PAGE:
British businesses are currently facing a number of unprecedented challenges. UK productivity continues to drag, while consumer demand pushes us towards a 24-hour economy, challenged by the gig economy and shifting work patterns. And the final piece of this troublesome puzzle is Brexit – the constant elephant in the room.
The good news is that it doesn’t have to be all doom and gloom. Brexit isn’t going anywhere, but the UK has the chance to learn from other global economies and, even more importantly, the power to address those challenges.
I don’t have all the answers, but businesses in my home country of Sweden might have a few. The Swedish economy is booming, and the country’s productivity level is one of the highest in the world. It’s true that there are structural differences in Sweden – state-provided childcare makes maternity and paternity almost identical, for example – but there’s something else in the way that Swedes do business that makes its workforce efficient and happy.
Swedish business leaders are brilliant at optimising their workforces, and not just maximising them. There’s a common expression in Sweden – lagom – which means ‘just the right amount’, and it’s often used in the context of productivity and culture. Meanwhile, employers shun hierarchy in favour of understanding their workforce – and for that reason, know that offering flexibility is the best way to manage them. The ‘fika’ break – making time for friends or colleagues to relax and share something to eat and drink – is an excellent example of this. The Swedes have learned over the years that employees are much happier and more productive in the long run if they’re given some time during the day to fully switch off and reset.
So, is this the route that British businesses should also be taking? In sectors feeling the squeeze, like transport, hospitality and retail, boosting pay to retain staff and keep them motivated isn’t always possible. This means that in turbulent times, businesses need to find other ways to attract and retain the right staff.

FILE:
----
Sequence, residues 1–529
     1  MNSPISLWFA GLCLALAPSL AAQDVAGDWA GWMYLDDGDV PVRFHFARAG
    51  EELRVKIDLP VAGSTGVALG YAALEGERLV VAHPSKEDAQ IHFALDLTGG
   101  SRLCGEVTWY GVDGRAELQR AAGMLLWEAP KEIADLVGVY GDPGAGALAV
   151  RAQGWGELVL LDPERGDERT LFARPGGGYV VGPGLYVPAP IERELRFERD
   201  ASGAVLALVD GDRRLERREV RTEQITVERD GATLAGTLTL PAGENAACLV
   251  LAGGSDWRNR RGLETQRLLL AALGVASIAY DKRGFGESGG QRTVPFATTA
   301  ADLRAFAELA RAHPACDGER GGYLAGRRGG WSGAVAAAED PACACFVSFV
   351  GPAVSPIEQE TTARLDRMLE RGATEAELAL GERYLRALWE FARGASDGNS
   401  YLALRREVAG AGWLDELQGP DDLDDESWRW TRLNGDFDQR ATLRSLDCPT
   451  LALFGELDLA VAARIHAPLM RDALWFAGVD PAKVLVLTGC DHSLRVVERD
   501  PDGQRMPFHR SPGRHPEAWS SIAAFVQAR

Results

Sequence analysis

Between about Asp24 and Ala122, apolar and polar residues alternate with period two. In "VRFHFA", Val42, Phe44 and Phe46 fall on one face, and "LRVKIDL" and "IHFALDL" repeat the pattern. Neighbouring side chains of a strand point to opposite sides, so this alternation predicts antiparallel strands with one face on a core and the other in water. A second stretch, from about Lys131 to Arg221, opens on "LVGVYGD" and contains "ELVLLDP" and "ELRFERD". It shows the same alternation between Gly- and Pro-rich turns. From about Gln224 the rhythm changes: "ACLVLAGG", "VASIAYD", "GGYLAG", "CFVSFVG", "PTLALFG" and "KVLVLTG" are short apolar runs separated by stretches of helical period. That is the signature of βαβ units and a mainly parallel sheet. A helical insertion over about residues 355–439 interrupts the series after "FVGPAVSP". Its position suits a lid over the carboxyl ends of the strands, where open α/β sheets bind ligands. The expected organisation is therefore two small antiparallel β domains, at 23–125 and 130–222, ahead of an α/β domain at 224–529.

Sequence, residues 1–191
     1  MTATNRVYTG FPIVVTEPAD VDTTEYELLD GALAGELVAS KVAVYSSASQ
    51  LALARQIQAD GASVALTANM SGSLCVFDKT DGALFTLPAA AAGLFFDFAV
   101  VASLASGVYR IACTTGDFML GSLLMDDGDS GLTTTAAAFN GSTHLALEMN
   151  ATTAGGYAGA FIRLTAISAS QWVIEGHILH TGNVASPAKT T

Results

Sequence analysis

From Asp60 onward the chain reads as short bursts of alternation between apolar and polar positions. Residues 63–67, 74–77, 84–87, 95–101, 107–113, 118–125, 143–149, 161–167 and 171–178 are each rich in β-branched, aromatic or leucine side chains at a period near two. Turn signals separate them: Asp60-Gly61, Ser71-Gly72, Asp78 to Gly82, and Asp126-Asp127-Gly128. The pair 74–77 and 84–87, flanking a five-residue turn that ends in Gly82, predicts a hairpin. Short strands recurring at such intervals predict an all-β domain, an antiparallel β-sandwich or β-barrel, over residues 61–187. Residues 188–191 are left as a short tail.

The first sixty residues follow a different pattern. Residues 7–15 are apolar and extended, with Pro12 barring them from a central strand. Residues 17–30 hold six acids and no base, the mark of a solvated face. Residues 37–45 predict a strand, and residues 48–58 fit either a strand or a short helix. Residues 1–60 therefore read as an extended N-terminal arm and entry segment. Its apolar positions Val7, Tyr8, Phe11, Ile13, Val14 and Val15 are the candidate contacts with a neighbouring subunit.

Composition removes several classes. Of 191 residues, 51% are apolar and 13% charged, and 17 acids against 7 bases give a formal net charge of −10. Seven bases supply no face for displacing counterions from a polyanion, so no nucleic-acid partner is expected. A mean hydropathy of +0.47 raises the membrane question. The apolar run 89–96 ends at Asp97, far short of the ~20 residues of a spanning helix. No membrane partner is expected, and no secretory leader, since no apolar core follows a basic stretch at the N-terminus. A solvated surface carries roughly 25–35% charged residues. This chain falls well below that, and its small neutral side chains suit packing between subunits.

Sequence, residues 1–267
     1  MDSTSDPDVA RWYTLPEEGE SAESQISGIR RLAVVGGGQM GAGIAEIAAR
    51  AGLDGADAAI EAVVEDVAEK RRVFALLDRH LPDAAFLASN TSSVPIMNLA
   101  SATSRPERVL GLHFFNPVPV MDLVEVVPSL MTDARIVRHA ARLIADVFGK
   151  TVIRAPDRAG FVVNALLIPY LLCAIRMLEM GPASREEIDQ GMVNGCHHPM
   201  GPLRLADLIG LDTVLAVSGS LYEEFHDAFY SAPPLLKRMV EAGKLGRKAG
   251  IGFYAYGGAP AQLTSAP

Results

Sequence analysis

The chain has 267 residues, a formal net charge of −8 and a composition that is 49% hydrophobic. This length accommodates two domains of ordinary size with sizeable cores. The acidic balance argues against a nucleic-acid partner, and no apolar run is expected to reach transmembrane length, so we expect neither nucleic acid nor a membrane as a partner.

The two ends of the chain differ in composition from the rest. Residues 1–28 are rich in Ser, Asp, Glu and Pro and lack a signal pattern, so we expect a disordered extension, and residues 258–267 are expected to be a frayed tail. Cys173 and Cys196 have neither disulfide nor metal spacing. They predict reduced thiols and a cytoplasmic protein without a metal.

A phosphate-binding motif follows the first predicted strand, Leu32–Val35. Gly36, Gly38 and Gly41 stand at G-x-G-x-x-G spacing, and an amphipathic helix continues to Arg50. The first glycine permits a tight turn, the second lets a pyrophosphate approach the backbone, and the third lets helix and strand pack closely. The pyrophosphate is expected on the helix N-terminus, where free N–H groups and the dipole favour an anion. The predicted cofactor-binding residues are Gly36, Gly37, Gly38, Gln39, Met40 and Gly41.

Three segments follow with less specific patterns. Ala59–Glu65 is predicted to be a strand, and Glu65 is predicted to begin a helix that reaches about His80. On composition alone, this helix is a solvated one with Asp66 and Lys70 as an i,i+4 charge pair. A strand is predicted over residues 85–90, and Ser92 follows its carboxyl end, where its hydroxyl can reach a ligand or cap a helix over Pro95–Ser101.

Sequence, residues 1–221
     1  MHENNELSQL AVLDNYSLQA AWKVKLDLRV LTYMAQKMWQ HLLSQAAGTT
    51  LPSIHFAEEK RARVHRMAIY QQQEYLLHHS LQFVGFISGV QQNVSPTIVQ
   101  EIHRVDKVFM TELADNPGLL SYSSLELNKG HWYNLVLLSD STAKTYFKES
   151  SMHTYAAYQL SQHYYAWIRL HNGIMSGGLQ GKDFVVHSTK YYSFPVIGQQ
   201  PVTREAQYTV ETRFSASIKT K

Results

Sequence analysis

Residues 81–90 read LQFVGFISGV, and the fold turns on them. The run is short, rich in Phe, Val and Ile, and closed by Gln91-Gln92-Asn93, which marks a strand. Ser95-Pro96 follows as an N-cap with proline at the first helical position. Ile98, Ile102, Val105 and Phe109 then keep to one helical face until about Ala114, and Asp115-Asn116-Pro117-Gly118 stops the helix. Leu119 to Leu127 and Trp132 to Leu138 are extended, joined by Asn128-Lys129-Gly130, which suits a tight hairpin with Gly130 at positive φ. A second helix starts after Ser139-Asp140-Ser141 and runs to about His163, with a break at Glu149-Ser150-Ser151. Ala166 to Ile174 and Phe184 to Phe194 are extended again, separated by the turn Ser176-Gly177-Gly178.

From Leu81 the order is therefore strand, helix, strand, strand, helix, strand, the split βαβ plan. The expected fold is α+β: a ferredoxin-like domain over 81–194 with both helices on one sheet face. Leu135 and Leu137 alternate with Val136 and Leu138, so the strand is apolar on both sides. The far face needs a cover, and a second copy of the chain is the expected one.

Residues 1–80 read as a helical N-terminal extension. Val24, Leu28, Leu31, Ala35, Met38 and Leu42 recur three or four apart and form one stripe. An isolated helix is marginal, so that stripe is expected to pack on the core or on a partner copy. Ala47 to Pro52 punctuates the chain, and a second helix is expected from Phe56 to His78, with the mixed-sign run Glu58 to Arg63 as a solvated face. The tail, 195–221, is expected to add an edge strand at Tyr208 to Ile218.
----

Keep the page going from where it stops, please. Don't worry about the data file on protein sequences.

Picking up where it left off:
A key way to do this could be to take a leaf out of Sweden’s book and put employee satisfaction at the top of businesses’ priority lists. And in my experience, to achieve employee satisfaction, you need to offer employees the flexibility to decide when and where they want to work.
This sounds like a simple solution, but many businesses still view flexible working in a negative light, equating it with low productivity and increased stress. Understandably, the word ‘flexibility’ can spell fear for business and HR leaders who see themselves battling with complex schedules and wasting precious hours on logistical nightmares.
In reality, flexibility is simple, and will cut down admin and save time, reducing costs for businesses. With a deep-rooted understanding of the company’s people and what they need to succeed, it’s the HR department who must drive these changes. This may feel daunting, but with the right technology in place, it’s easy: tools like smart workforce technology, for example, will allow you to collaborate with employees on a schedule that works for everyone.
It’s time that flexibility is taken seriously in the UK. HR and business leaders need to think beyond giving workers the odd weekend off, and begin working towards a future in which professionals have the flexibility to fit their jobs around their lives. There’s still some way to go, and a new approach will require fundamental ideals to change.
But the HR function has the ability to push this forward, ultimately saving businesses time and money, and boosting the UK’s productivity in a time of need. Let’s take a step back and look to other economies – and see if we can learn a lesson or two from our neighbours.
Erik Fjellborg is CEO and Founder of Quinyx